A California appeals court has dismissed a product liability case against Apple over one of its apps in a landmark ruling deciding the tech giant’s liability for a fatal car accident.
The California Court of Appeal, Sixth Appellate District, has finally put an end to the four-year-long battle between Apple and a family whose 5-year-old child died on Christmas Eve 2014 in a fatal highway accident. The appeals court dismissed Apple’s liability in the FaceTime-use car crash involving severe injuries and a fatality.
We asked our California product liability attorney from Mancini & Associates to look into the landmark ruling by the California appeals court.
In its milestone ruling on December 14, the California appeals court decided that Apple cannot be held liable for the car crash caused by a driver distracted by a FaceTime video call.
This is not the first time a smartphone application maker has been sued for a car accident caused by a driver’s use of a phone app. In a closely-watched case against Snapchat, a Georgia court ruled that the app maker, Snap Inc., could be liable for a speed-recording photo and video feature.
But let’s get back to our product liability case involving iPhone’s FaceTime. Bethany, James, Isabella, and Moriah, 5, Modisette were in a car that was stopped on a Texas highway due to traffic jams in the area. Another car driver, Garrett Wilhelm, 20, who was distracted by a FaceTime video call on his iPhone, plowed into the car operated by the Modisette.
As a result of the high-speed car crash, five-year-old Moriah sustained fatal injuries and died at the hospital. Moriah’s father, mother and sister sustained non-fatal injuries in the accident. Wilhelm, the distracted driver, was charged with manslaughter. According to a product liability lawsuit filed by the Modisettes, Wilhelm was using FaceTime at the time of the crash.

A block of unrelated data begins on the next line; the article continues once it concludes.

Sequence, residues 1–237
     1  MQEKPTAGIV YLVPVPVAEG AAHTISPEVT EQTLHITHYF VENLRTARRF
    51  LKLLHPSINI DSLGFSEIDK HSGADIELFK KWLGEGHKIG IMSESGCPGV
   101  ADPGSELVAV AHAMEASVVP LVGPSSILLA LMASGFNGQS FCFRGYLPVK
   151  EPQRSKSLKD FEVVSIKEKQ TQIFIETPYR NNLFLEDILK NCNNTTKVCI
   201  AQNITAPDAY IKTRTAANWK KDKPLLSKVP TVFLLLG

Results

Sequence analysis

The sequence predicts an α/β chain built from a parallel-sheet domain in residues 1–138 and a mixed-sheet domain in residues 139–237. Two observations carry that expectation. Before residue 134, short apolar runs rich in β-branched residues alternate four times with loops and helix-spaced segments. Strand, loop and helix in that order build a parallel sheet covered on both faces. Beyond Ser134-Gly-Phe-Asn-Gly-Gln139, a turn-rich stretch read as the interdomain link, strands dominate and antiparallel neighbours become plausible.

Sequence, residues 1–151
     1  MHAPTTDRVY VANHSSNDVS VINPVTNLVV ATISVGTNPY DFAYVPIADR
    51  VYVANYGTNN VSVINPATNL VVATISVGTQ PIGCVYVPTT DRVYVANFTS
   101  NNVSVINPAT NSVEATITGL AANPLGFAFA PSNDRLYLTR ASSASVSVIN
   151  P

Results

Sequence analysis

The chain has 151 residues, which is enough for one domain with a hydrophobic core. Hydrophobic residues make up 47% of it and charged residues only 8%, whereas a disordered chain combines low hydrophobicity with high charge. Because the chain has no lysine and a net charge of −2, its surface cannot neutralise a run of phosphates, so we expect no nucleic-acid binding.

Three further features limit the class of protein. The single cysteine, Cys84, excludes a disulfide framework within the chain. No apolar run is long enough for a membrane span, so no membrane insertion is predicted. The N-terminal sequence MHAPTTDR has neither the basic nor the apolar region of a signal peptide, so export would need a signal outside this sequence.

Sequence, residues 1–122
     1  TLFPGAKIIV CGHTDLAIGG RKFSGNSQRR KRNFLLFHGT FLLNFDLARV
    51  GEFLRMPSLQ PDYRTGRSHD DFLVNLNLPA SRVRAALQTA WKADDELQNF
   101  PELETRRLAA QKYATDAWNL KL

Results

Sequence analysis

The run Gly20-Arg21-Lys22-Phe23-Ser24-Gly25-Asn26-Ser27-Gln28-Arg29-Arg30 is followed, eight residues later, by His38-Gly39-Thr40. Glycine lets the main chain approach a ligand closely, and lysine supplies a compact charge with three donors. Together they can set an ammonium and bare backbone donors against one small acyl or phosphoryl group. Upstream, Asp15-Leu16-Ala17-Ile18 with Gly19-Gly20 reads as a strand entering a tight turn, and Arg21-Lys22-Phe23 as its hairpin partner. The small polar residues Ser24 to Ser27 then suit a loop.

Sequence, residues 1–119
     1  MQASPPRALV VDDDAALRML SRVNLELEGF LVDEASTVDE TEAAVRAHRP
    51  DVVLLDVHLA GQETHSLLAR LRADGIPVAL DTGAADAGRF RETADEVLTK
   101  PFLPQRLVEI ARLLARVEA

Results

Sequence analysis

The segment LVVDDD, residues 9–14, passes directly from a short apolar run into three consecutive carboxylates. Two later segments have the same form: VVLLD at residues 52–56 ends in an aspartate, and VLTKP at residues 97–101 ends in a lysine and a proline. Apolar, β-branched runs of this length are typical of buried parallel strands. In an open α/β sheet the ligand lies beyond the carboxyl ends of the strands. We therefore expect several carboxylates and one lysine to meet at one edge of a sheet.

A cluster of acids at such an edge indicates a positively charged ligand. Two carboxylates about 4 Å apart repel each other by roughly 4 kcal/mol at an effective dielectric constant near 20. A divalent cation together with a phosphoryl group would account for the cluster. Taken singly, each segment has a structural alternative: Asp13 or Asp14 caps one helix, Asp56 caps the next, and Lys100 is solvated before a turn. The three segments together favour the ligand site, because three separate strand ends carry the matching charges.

Two years after the crash, the Modisette filed a product liability lawsuit against Apple, arguing that the smartphone manufacturer was negligent with the FaceTime app and shared liability for the fatal car crash. Although the case was dismissed by a California Superior Court judge, the Modisette family appealed to the California Appeals Court 6th Appellate District.
But the appeals court has ruled that Apple did not owe a duty of care to the family whose child died in the high-speed car wreck. “The court also dismissed the family’s argument that Apple’s failure to design an iPhone with technology to lock users out of apps while operating a vehicle caused the car crash,” explains our experienced product liability attorney California.
The appeals court ruled that the link between Apple’s actions and the car accident was not as direct as in other cases in which courts ruled that the defendant owed a plaintiff a duty of care. In its argument, the court insisted that the smartphone maker’s design of the iPhone and FaceTime simply made the distracted driver’s use of the device and app possible.
Thus, the appeals court rejected the Modisette family’s argument that smartphones may never be used safely by motorists. The family’s failure to establish that Apple caused the car crash led to the court’s dismissal of the product liability and other claims made by the family in the lawsuit.
However, in no way does it mean that Apple can never be held liable for injuries or damages caused by persons who use the company’s apps or devices. If you can prove that Apple or any other smartphone or app maker (such as Samsung) owed you a duty of care and that duty was breached due to negligence, recklessness, or any other form of action, you may be able to sue the smartphone or app manufacturer under the legal theory of product liability.